"Add going to the developing countries with a comparable tablet at lower price will certainly put a dent into Apples dorminance at least."
A tablet in the line of offering as much similarity to the iPad as possible with the benefit of a lower price would definitely have a strong impact in the mearket. Now, what do you think it would happen if Apple one sunny morning decides to lower the price of its iPad just as a good experiment? Let's say Apple lowers the price of the previous iPad models when launching the iPad 3?
Was I the only one who was sick and tired of all analysts consistently going Ga-Ga over Apple???
Its about time somebody stepped up to the plate and challenged the Cupertino Giant.
I was looking through some trends and was amazed.
Together Dell,HP and Acer control 45% of the PC market in the US.
HP has now announced that they are looking at exiting the business entirely.
Acer announced major losses(& job losses this Quarter).
That leaves just Dell among the OEMs to take on Apple.
Its about time these guys got their acts together into an area as critical as Tablet computing(especially if they want to stand up and be counted here).
a price war will not hurt only Apple. If Amazon enters the tablet market with devices that are much cheaper than the iPad, this will also hurt other contenders for its market share. Consumers will be the biggest winners here, but component and contract manufacturers should brace for a bruising squeeze
Amazon is uniquely positioned. Its got the muscle to compete on price slashing war. I think for Amazon to succeed in this tablets price war, then Amazon must be prepared to produce a device close to ipad. Bolaji, I agree, "price war is inevitable". This will certainly be interesting to watch and equally favourable for the consumers too should this happens.
So far Kindle has only been an e-book reader and is yet to come alive as a proper tablet. If the rumors about it being Android based is true, then it will have to compete with so many other Andrioid based tablets in the market such as Samsung Galaxy, Motorolla Xoom and Dell Streak before it comes close to competing with Apple. The tablet market is becoming rather saturated and any new player will face tough competition. However, given Kindle's success as an e-book reader, it might win over a certain section of consumers who are looking for tablets primarily for e-book reading.
"Pimped" up or not, the sale of kindles will go up if Amazon is able to pull off the price, content, and apps close to the ipad functionality. Amazon has the commerce to compete, and teaming up with Googles android wil boost both compnies sales. Add going to the developing countries with a comparable tablet at lower price will certainly put a dent into Apples dorminance at least.
What becomes of the current Kindle line if Amazon introduces a cheap(-ish) tablet? Do they drop Kindle Reader prices still further and make it the entry-level prouct? Do they deprecate it and put all the eggs in the Kindle Tablet basket?
A company's willingness to cannibalize its own products for a new market is one indicator or its likely staying power. Bezos has the cojones to do that, as did Jobs.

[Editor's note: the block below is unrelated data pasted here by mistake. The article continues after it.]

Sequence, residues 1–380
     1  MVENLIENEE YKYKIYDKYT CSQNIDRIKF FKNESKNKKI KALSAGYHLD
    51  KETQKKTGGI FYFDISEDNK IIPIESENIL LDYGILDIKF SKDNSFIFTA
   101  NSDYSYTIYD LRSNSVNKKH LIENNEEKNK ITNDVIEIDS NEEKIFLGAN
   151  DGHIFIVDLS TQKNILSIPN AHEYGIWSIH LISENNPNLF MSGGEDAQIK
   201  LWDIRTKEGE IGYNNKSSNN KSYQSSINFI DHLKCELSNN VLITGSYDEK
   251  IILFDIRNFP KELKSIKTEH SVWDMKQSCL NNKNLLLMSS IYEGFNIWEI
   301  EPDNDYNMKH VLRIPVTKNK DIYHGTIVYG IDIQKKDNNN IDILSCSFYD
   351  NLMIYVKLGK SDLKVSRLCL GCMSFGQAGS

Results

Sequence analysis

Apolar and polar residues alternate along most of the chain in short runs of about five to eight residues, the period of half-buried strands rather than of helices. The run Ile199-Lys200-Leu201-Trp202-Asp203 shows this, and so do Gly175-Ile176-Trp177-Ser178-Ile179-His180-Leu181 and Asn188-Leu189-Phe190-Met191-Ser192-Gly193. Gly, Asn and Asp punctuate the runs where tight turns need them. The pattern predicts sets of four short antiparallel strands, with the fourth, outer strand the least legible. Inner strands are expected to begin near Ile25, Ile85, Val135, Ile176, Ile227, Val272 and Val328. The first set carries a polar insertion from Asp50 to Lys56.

Isn't it too soon for them to enter a price war? It's a relatively new market.
How can Amazon compete with that? What are the selling points of the kindle? Cheap, extremely long battery, light, etc. Can they create a "pimped" kindle that can compete with the iPad? They have good amount of content but Apple is clearly above all.
EBN Dialogue enables and encourages you to participate in live chats with notable leaders and luminaries. Not only editors and journalists, but the entire EBN community is able to comment and ask questions. Listed below are upcoming and archived chats.
Thailand Stages a Comeback Join EBN contributor Jennifer Baljko on Thursday August 23, 2012, at 11:00 a.m. EST for a live chat on how electronic manufacturers in Thailand have shored up their supply chain to reduce the impact of future natural disasters.
Microsoft Surface: Potential Winners & Losers What are the implications for the electronics industry supply chain of Microsoft Corp.'s decision to launch its own tablet PC? Join industry veteran and EE Times' systems and OEM expert Rick Merritt on Tuesday, July 3, at 12:00 pm EDT for a Live Chat on this subject.
Join EBN contributor Jennifer Baljko on Thursday August 23, 2012, at 11:00 a.m. EST for a live chat on how electronic manufacturers in Thailand have shored up their supply chain to reduce the impact of future natural disasters.
Peter Drucker famously said "Trying to predict the future is like trying to drive down a country road at night with no lights while looking out the back window." Yet in the razor's-edge world of electronics—with a lean supply chain and just-in-time demands—the need to know the future is vital.
While no one really can accurately predict the future, we can take guidance from another Drucker saying which is the best way to predict the future is to create it.
You've heard the saying "the No. 1 supply chain risk is your people." That hasn't always been the case. But today's complex global supply chain requires a new type of multitalented employee. It's one who understands, finance, marketing, economics, is savvy with technology, graceful with relationships and can think analytically.
Where are these people? Are universities properly preparing the next generation supply chain professionals? How do train your existing workforce for these new, demanding positions?
Brian Fuller, editor-in-chief of EBN, will lead a 60-minute Avnet Velocity panel discussion that will ask and answer these and other questions swirling around today's supply-chain talent challenges.